Vestibular disorders are common in cats. The vestibular apparatus (called the labyrinth) is a complex sense organ composed of three semicircular canals, plus the utricle and the saccule. The labyrinth is stimulated by gravity and rotational movements. It plays an important role in balance and orienting the body in space. Inflammation of the labyrinth is called labyrinthitis.
A cat with labyrinthitis has a problem with balance. The animal wobbles, circles, falls and rolls over, and has trouble righting herself. She may lean against the wall for support and crouch low to the floor when walking. The cat often shows rapid jerking eye movements (nystagmus), and her head will usually tilt down on one side. When picked up and turned in a circle, the cat will act even more dizzy. There may be vomiting and deafness.
Your cat’s ears may be able to pick up the sound of a bag of treats being opened across the house, but they could still use a little help staying clean and healthy. Monitoring your cat’s ears weekly for wax, debris, and signs of infection will help those sensitive ears stay perky and alert to your every move.
A common cause of labyrinthitis is inner ear infection. Other causes include stroke, brain tumor, head trauma, brain infection, drug intoxication (especially by the aminoglycoside antibiotics), and thiamin deficiency.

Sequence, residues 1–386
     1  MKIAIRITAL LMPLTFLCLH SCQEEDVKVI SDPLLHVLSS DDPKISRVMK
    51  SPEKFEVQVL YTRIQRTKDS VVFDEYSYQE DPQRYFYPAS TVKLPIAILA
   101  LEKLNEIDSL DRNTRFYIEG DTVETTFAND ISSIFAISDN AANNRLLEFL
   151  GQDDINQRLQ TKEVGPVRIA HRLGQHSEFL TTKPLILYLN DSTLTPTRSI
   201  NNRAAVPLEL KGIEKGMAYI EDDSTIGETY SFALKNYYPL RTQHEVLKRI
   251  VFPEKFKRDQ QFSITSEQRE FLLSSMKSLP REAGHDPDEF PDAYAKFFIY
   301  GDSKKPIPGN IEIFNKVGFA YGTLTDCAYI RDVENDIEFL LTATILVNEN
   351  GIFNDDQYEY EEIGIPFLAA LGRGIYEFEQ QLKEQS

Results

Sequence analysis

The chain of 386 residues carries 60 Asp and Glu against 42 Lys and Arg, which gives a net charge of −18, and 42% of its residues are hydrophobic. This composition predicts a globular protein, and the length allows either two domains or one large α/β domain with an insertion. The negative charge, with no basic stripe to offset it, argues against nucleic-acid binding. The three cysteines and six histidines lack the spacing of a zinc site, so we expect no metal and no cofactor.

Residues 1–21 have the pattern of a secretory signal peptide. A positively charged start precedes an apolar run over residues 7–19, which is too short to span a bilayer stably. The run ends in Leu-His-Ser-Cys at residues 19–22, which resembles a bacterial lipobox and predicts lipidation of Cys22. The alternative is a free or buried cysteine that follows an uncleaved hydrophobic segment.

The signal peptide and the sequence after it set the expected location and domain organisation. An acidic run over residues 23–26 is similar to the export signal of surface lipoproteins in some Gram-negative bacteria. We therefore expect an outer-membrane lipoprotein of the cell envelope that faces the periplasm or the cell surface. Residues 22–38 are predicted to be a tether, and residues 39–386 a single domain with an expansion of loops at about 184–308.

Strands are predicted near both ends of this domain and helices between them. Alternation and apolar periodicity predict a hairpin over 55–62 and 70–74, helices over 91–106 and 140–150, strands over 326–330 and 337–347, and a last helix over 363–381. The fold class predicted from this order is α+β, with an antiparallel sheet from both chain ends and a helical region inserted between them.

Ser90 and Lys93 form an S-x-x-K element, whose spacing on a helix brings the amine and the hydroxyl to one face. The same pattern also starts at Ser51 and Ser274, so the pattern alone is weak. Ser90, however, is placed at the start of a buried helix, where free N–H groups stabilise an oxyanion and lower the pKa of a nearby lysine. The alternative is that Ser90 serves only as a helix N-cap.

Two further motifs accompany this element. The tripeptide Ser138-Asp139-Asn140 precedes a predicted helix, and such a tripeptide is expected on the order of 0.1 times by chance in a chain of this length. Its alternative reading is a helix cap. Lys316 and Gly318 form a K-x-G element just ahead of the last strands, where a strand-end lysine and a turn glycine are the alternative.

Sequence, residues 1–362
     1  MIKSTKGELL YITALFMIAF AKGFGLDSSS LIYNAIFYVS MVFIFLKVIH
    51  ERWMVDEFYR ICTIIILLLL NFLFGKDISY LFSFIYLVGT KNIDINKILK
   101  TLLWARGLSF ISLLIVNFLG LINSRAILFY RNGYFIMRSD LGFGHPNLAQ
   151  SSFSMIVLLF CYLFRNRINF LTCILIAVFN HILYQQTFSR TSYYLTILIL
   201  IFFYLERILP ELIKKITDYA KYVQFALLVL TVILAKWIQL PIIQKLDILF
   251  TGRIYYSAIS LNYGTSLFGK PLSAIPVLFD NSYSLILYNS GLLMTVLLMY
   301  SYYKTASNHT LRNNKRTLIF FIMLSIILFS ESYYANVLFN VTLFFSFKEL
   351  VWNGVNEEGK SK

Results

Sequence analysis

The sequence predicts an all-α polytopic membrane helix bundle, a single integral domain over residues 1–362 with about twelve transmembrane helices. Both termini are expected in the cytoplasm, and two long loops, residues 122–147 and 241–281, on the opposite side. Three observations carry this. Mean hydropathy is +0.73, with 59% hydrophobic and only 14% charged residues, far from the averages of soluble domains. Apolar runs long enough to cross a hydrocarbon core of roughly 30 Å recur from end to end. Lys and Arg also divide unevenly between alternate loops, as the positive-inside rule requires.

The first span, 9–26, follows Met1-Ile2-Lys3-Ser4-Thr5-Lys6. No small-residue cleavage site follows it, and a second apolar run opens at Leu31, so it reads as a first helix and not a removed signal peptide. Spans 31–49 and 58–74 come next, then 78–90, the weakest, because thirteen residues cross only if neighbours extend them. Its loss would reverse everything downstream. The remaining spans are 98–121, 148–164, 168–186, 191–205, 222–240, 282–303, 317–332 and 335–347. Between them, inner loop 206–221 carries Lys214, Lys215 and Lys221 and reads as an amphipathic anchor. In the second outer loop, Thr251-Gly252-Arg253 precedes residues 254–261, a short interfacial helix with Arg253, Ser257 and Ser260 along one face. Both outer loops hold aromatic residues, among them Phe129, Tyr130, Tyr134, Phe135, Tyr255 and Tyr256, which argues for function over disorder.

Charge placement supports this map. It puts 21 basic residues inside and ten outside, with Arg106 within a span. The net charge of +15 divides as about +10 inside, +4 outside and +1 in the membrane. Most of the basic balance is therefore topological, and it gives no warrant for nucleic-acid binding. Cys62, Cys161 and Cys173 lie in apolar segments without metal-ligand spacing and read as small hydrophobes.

A congenital vestibular defect is seen in Oriental breeds. Kittens show a head tilt, circling, and rolling behaviors. Siamese kittens with this condition may also be deaf. There is no cure.
Idiopathic vestibular syndrome is the most common cause of labyrinthitis in cats. The onset is sudden and the cause is unknown. The signs include a head tilt and nystagmus, and cats may have difficulty walking. There is an increase in these cases in July and August in the northeastern United States, suggesting an environmental cause.
Treatment: With cases of idiopathic vestibular syndrome, in two to three days, the cat begins to recover on her own. In most cases, the cat is well in three weeks, although some cats retain a permanent head tilt. During the recovery period, the cat will need supportive care.
WebMD Veterinary Reference from "Cat Owner's Home Veterinary Handbook"